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Summer Fun Weeks: Children develop their creativity using materials from their environment
On 23 July 2016, UNRWA launched its Summer Fun Weeks (SFWs) Programme. For three weeks, almost 165,000 registered Palestine refugee children are being given the chance to participate in different activities such as football, drawing, playing games and handicraft workshops including recycling.
Summer Fun Weeks provide temporary job opportunities to 2,300 people at a time when 60 per cent of the youth in Gaza are unemployed. It’s also a chance to boost local markets; through purchasing large quantities of food and drink from Gaza suppliers for the students participating in the Summer Fun Weeks.
The initiative is also conscious of environmental issues. Waste materials such as plastic bottles, tires, ropes and sponges available at Karni warehouse are used for recycling workshops at different locations across Gaza.
Ms. Michèle Vanvlasselaer is a visiting Belgian artist who is experienced in working with glass and light. Through the theme of recycling, she volunteered her time to share her experience in this field with the children participating in the SFWs. She helped them to produce beautiful pieces of art out of the interplay between transparent plastic materials and light. Each piece of art will represent a small scene.
“I want to stimulate the imagination of young people by letting them play with light and their creativity by using unusual materials, that we would normally throw away,” Michèle said.
The students in the SFWs will participate in recycling workshops with the artist to play and share fun as well as helping to keep the environment clean.
Israa Al Halabi, a student in seventh grade participating in SFWs, said: “I participated in different activities, but I found the recycling workshop very interesting. I never imagined I could make beautiful handicrafts from things that I thought are rubbish”.
The best works created during the Summer Fun Weeks will be selected to travel to Belgium. In autumn, young people in Brussels will participate in the same type of art workshop as in Gaza. Following this, a joint exhibition including both the artworks of children and youth in Gaza and Belgium will connect the smaller scenes to each other in order to create one large story.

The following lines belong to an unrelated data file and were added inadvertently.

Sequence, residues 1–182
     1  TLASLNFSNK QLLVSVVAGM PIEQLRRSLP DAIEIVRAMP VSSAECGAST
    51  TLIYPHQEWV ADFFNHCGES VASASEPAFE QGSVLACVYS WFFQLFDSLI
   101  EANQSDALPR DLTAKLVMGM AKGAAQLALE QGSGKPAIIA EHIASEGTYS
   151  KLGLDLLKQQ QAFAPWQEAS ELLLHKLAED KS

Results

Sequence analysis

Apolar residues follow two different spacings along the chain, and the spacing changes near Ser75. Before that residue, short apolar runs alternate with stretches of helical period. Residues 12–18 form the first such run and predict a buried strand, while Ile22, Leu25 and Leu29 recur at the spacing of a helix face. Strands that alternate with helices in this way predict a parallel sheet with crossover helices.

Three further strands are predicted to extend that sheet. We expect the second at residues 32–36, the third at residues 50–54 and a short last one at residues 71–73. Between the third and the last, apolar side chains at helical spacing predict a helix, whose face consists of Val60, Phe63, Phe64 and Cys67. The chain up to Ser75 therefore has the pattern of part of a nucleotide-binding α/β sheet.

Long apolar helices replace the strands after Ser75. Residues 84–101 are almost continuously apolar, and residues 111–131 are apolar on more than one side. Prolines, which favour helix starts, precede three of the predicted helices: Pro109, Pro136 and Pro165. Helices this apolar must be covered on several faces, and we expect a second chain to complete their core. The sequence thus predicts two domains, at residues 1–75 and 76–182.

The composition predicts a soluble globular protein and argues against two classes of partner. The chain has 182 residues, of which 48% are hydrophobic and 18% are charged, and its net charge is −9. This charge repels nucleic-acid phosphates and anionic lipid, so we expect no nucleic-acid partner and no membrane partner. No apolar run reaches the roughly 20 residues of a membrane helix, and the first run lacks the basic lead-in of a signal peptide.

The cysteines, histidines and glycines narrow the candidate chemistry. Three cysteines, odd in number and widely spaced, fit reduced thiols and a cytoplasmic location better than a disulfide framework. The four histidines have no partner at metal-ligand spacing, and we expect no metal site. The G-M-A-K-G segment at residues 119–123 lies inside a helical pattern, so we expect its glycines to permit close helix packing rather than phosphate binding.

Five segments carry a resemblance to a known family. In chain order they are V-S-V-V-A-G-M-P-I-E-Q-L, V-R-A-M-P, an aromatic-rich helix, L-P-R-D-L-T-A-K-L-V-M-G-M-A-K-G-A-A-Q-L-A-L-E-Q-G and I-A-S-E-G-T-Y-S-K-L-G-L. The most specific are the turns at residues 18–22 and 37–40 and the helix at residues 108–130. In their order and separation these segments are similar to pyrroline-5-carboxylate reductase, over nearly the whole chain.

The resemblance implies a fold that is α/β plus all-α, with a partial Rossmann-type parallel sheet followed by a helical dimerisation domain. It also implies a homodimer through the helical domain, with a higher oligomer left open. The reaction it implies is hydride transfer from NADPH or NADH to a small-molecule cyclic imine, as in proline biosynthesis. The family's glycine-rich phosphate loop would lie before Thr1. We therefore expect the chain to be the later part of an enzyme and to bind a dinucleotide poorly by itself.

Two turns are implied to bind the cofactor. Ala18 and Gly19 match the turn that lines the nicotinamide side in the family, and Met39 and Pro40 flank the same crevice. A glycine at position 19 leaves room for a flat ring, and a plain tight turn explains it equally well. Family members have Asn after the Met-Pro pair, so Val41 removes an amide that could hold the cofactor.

UNRWA is confronted with an increased demand for services resulting from a growth in the number of registered Palestine refugees, the extent of their vulnerability and their deepening poverty. UNRWA is funded almost entirely by voluntary contributions and financial support has been outpaced by the growth in needs. As a result, the UNRWA programme budget, which supports the delivery of core essential services, operates with a large shortfall. UNRWA encourages all Member States to work collectively to exert all possible efforts to fully fund the Agency’s programme budget. UNRWA emergency programmes and key projects, also operating with large shortfalls, are funded through separate funding portals. UNRWA is a United Nations agency established by the General Assembly in 1949 and mandated to provide assistance and protection to some 5.4 million Palestine refugees registered with UNRWA across its five fields of operation. Its mission is to help Palestine refugees in Jordan, Lebanon, Syria, West Bank, including East Jerusalem and the Gaza Strip achieve their full human development potential, pending a just and lasting solution to their plight. UNRWA services encompass education, health care, relief and social services, camp infrastructure and improvement, protection and microfinance.
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